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Microplastics – News and Features

A hand holding a cleaning sponge.

“Magic” Sponges Shed Microplastics When Scrubbed

According to research, melamine sponges shed microplastic fibers when worn down and could release over a trillion of these pollutants every month.
Tiny fragments of plastic on a person's hand.

Microplastics Detected in Human Penis for the First Time

Tiny fragments of plastic waste have been detected in human penile tissue for the first time, raising new questions about how environmental pollutants may affect sexual and reproductive health.
Swim fishing among microplastics.

Researchers Invent 100% Biodegradable “Barley Plastic”

A biofriendly new material made from barley starch blended with fibre from sugarbeet waste sees the light of day at the University of Copenhagen – a strong material that turns into compost should it end up in nature.
Fish swimming among plastic waste.

New Spectroscopy Method Simplifies Measurement of Microplastics in Soil

Researchers have developed a novel yet simple method to measure N/MP concentration in different soil types using spectroscopy at two wavelengths.
Close up of a researcher wearing blue gloves collecting a soil sample.

Digging Deep: Emerging Contaminants in Soil

Soil could be our planet's unsung hero, quietly working behind the scenes to keep everything in balance. This article will discuss some of the worrying emerging contaminants detected in soil and how scientists are rising to the analytical challenge.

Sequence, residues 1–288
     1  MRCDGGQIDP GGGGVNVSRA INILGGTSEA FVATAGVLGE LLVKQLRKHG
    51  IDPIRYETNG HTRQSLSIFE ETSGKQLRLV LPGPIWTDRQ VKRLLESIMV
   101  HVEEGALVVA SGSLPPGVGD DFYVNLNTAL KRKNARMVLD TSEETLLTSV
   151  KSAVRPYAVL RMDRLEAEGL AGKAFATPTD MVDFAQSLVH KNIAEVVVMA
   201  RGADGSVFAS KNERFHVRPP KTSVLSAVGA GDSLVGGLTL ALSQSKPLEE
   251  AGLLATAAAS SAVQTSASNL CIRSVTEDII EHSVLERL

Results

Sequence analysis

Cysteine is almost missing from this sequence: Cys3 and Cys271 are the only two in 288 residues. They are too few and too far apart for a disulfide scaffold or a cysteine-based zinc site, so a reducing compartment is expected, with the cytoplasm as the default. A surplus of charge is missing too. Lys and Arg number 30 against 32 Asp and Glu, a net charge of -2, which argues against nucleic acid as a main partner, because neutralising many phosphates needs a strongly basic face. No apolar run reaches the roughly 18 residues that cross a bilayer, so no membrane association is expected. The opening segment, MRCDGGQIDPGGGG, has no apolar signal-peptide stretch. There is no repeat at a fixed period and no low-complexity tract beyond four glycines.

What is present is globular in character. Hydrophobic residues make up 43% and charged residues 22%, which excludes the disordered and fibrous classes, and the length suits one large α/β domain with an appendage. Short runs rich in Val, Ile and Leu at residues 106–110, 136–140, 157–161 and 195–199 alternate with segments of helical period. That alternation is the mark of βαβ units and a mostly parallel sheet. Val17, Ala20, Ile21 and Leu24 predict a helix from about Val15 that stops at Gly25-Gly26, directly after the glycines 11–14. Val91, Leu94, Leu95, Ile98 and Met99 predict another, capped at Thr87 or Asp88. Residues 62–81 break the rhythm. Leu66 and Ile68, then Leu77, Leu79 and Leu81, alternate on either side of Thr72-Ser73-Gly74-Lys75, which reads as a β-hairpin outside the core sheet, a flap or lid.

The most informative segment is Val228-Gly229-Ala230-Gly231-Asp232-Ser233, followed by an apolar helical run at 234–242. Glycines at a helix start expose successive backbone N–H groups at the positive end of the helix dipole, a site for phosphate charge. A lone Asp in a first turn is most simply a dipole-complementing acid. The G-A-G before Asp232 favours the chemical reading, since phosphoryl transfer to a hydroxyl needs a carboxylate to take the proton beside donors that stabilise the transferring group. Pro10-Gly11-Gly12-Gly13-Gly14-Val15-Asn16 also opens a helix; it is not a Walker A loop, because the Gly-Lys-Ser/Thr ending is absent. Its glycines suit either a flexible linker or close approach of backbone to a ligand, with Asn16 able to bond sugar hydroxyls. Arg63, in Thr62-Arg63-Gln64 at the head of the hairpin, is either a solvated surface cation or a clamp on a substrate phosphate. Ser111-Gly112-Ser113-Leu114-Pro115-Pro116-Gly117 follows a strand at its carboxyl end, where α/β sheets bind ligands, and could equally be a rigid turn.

Mussels clustered together.

Mussels Downstream of Wastewater Facility Contain Radium

Mussels downstream of a wastewater facility that processed fracking wastewater from the oil and gas industry have been found to contain radium.
Plastic waste on a beach.

Inexpensive Microplastic Monitoring Through Porous Materials and Machine Learning

Optical analysis and machine learning techniques can now readily detect microplastics in marine and freshwater environments using inexpensive porous metal substrates.
A teabag.

Some “Biodegradable” Teabags Don’t Easily Deteriorate in the Environment After All, Study Finds

Some teabags manufactured using plastic alternatives do not degrade in soil and have the potential to harm terrestrial species, a new study has shown.
Fish swimming among plastic pollution.

Reducing Plastic Pollution Key to Stabilizing Ocean Microplastics Levels

The study, a collaboration between researchers at Imperial College London and GNS Science, suggests that reducing plastic pollution by 5% per year would stabilize the level of microplastics – plastics less than 5 mm in length – in the surface oceans.
Plastic pollution in the ocean.

Plastic Pollution Must Be Reduced by 5% Each Year To Meet UN Targets

Research suggests that plastic pollution must be reduced by at least 5% every year to make progress towards UN targets by the end of the century.